August 23, 2005
Breach Exposes U.S. Air Force Officers to ID Theft
WASHINGTON (Reuters) -- More than 33,000 U.S. Air Force officers could be at greater risk of identity theft after a "malicious user" accessed a database containing personal information, an Air Force official said on Tuesday.
The attacker used a legitimate password to access a database that contained birth dates, Social Security numbers and career information for about half of the Air Force's officers, as well as a handful of noncommissioned officers, Master Sgt. Randy Mitchell said.Personal financial records and classified military information are not included in the career-management database, Mitchell said.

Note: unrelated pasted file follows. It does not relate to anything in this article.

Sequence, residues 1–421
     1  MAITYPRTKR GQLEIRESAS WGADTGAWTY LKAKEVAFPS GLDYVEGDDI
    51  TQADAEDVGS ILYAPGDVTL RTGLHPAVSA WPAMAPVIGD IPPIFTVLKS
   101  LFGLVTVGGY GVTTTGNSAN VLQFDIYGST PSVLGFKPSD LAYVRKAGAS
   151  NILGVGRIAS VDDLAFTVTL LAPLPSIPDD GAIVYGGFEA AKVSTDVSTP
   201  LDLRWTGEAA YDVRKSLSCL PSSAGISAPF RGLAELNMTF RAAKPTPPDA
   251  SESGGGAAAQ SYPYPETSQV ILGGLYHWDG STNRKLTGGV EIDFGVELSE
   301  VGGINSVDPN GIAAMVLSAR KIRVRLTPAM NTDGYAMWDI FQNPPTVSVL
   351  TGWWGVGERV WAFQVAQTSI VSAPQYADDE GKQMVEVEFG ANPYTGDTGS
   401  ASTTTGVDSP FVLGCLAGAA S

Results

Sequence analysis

The incident has not led to any known instances of identity theft but the Air Force is urging those affected to monitor their credit records, he said.
"We're not sure what the person was doing inside the system, if they was just being curious and going through all these records or what, but nobody's information has been used in an illegal way that we know of so far," Mitchell said in an interview.
A rash of security breaches at businesses, universities and other institutions have put at least 50 million U.S. consumers at heightened risk for identity theft over the past year.
Congress is considering several bills that would tighten computer-security standards and improve consumer protections when such incidents take place.